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is merely the palest reflection of the truth which awaits you here. . . .

"God, it's so beautiful...." he whispered.

And you detect a slight recoiling, ever so slight, more from annoyance than true pain. Recoiling from the word you've just spoken, that reflexive acknowledgment of another entity whose light is painful. You apologize, you beg forgiveness, you swear that you will not let such a slip happen again. You stand in silence, in very contrite silence, and you continue to admire its perfect beauty as you gaze upward, up toward the sacred window where He waits. You wait for His eye to turn to you, to look upon you. It may take Him time to get to you, perhaps an eternity, but you don't mind waiting. You have all the time in the world, you see, and in the meantime you can just stand patiently and bask in the perfection. . . .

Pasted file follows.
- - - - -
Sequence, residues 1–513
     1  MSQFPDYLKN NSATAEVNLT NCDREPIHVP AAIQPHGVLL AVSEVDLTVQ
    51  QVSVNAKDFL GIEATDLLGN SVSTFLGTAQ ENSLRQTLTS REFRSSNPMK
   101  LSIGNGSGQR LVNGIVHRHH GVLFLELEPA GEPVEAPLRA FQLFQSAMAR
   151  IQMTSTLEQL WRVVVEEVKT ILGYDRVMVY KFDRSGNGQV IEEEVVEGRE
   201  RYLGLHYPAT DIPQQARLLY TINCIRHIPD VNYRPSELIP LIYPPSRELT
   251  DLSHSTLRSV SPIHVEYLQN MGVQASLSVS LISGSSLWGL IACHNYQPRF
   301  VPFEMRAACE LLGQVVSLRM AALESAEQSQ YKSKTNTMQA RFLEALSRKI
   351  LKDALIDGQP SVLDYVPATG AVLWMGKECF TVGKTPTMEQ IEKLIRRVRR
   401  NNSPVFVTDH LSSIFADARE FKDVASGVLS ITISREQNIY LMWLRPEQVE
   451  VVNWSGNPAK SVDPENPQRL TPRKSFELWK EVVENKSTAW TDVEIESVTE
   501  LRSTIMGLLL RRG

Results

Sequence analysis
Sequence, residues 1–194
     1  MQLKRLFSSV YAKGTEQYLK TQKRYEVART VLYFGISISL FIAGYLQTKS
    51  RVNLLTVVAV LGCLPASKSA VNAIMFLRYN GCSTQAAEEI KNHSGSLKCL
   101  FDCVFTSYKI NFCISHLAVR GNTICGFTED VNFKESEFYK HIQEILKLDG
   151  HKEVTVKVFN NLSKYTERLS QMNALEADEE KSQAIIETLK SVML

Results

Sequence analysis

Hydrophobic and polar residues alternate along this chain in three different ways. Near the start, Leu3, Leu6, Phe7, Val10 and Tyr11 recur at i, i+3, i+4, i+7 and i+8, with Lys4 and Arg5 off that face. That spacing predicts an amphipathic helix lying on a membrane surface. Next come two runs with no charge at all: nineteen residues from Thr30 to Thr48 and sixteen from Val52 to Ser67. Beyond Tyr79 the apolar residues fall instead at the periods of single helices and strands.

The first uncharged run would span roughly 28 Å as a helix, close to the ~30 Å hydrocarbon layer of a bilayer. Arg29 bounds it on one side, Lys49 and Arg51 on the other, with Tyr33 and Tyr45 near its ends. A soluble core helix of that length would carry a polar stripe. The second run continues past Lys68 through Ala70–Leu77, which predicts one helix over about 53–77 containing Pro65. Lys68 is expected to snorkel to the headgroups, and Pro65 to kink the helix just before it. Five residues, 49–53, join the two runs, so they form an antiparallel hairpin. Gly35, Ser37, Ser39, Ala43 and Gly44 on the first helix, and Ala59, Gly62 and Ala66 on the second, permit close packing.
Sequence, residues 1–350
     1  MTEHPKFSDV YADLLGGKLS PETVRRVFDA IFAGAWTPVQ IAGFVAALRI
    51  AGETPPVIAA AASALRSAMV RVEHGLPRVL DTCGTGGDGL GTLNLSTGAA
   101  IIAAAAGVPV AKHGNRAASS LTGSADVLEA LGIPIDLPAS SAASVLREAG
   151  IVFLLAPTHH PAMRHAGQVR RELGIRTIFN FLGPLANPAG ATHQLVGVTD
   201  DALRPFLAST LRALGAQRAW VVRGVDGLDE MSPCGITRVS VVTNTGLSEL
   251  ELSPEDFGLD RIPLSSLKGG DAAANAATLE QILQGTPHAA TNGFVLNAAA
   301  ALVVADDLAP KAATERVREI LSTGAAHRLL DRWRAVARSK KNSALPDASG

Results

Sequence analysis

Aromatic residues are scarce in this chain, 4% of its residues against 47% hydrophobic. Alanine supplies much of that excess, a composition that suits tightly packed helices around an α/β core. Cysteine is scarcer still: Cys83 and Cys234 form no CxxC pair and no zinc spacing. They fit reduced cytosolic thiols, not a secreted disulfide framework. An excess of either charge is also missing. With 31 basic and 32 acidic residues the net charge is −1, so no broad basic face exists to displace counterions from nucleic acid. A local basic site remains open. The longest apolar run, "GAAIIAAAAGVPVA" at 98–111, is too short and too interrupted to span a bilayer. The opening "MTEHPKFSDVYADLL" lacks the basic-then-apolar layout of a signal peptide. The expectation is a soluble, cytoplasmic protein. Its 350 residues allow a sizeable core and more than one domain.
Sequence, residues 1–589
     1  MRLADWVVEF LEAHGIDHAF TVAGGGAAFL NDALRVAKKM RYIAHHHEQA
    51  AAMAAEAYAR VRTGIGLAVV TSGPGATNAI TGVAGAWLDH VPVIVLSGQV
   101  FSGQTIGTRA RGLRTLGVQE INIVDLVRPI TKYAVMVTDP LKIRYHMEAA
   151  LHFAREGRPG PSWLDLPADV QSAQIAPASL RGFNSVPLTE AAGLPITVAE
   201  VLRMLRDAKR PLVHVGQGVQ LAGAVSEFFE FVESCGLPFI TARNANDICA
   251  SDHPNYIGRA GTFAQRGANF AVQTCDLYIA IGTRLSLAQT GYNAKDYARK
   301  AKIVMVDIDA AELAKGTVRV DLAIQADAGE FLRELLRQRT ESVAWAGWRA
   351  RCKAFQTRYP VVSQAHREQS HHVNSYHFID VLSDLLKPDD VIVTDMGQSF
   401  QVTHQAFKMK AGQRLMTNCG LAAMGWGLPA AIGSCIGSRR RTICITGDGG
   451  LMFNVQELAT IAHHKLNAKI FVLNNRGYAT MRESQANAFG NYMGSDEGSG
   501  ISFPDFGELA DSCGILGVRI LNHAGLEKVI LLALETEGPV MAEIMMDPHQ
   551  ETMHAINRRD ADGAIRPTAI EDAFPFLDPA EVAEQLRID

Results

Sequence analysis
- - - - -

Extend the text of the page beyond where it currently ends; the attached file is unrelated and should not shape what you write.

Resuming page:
Susan Ivanova lay in her bed, sleeping peacefully.

She had not had restful slumber for some time, particularly during the heart of the Shadow War. Every night she had lain there, watching the darkness of her room, wondering what lurked in the hidden corners. In some ways, the war had struck to the very core of childhood concerns. How often, after all, did one lie awake in one's childhood bedroom, seeing a pile of clothes being transformed into something strange and frightening by the imagination. But lo and behold, a simple flicking of a light switch always banished the strange dark forms back to the inner recesses of imagination, and the room was safe once more.

Except in her case, of course, in recent days, it took a hell of a lot more than a light switch to destroy that which lurked in the shadows.

But the Shadows were gone now, gone and done with. Oh, sure, there were still all manner of problems to be solved. Earth was out to
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